Orchestra Pit (yes, Orchestra Pit) just got the score to The Secret Garden and wonders why the orchestration is scored for three horns and one trumpet. My guess is, for whatever reasons, that is the way the orchestrator "heard" the score sounding. There is no understanding that process, which is why I love orchestrators so much. No two are the same and they are all so interesting. Why did Bernard Herrmann have fifteen french horns (maybe more) for his discarded Torn Curtain score? Because that's the way he heard it. Why did Mr. Herrmann decide on an all string orchestra for his Psycho score? Because he thought it sounded black & white like the film's photography.
Danny Greenstone, a new dear reader, has happily become a fan of this here column because not only do I occasionally mention Stephen Sondheim, but because I also mention people like Anthony Newley, who Danny also likes. He asks if there's any news of the availability of Mr. Newley's film Can Hieronymous Merkin Ever Forget Mercy Humppe and Find True Happiness? Sadly, no, it's not available.
Jo feels several of the guesses as to my Real Identity are plausible. But she's confused by the guesses of Young Simba from The Lion King and George Clooney, and wants to know if those were Real Guesses. Yes, all the guesses were actually guessed by an actual dear reader. Jo wants to know if my "quip with a sting" regarding Fosse was in reference to the show itself or to Fosse the choreographer/director. Whatever I had to say was about Fosse, the musical, as Fosse the person had no bigger fan than I. I recall seeing Pippin on Broadway no less than fourteen times, just so I could watch his incredible staging. Finally, Jo wants to know what my religious beliefs are and if I've tried Cinnaburst gum. Well, as certain astute dear readers might have figured out, I am of the Jewish persuasion, that is to say I come from a Jewish family. I don't really practice Judiaism in a serious fashion, but I do believe in God, I truly do. As to Cinnaburst gum, I have never seen it, but I will make an effort to seek it out and give it a try. However, if it's one of those things that "explode" in your mouth, I will not like it, as explosions in the mouth are not something I like from my gum.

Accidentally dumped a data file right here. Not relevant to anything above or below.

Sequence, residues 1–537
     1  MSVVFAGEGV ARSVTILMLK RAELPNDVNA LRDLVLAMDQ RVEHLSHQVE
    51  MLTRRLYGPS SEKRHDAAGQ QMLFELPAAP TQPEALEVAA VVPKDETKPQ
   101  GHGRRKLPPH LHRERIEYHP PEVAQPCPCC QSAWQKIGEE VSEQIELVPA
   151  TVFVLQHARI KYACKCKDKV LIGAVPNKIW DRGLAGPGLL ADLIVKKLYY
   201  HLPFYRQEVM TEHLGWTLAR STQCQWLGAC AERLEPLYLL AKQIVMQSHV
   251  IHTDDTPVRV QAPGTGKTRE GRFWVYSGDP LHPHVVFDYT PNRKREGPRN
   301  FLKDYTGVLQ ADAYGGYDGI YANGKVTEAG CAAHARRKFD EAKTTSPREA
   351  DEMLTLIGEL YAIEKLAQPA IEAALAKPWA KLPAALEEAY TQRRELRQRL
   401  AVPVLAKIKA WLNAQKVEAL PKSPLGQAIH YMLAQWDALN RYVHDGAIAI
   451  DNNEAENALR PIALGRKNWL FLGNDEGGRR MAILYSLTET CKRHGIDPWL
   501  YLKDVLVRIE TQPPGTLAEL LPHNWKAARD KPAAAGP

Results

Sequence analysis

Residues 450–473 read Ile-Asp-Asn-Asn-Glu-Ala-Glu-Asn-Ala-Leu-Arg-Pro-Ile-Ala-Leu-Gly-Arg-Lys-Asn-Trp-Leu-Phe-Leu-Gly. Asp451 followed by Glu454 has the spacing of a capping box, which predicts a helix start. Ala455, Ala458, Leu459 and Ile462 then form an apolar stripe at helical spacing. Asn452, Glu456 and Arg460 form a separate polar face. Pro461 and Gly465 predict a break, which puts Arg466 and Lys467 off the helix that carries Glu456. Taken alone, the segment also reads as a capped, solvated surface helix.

Christopher wrote to tell me that he too thinks 110 In The Shade is a masterpiece.
Jon B. thinks that when dear reader Isabella said she was going to see A Sunday Afternoon in Chicago, that what she meant was A Sunday Afternoon On The Island of Grand Jatte, the Seurat painting at the Art Institute. Said painting, as you know, was the subject of a musical by someone named Stephen Sondheim. When the show premiered in Chicago the Old Lady was played by none other than Jon B.'s mother. I hope she was better than my mother was as the Old Lady in my film Incident At A Pool.
Rafael was upset by the sad news that Julie Andrews may never sing again, and offers his prayers to Ms. Andrews. As do we here at the SSS. However, these things have a way of turning around sometimes, and hopefully this will be one of those times.
Only three people got the correct answer to last week's trivia question: Name the 60s tv variety show on which Michael Bennett and Donna McKechnie danced, and name another Broadway gypsy who danced with them. The people who got at least part of the answer were: steve g., Anita, and Bob G. (no relation to steve g. whose wife is related to Barbra S.). The show was Hullabaloo! Everyone guessed that the gypsy was Baayork Lee, but frankly I don't remember if Ms. Lee was on the show or not. I certainly don't remember seeing her. The gypsy I remember was Gene Castle, a wonderful dancer who was in the original cast of Gypsy on Broadway as well as many others, including his show stopping turn in George M!
This week's trivia question: What do the movie Never On Sunday and Stephen Sondheim have in common?
Until next week, I am, as I ever was, and ever shall be...
Until next week, I am, as I ever was, and ever shall be...
Assassins is about how society interprets the American Dream, marginalizes outsiders and rewrites and sanitizes its collective history. "Something Just Broke" is a major distraction and plays like an afterthought, shoe horned simply to appease. The song breaks the dramatic fluidity and obstructs the overall pacing and climactic arc which derails the very intent and momentum that makes this work so compelling...
- Mark Bakalor
Which is not to say that it is perfect...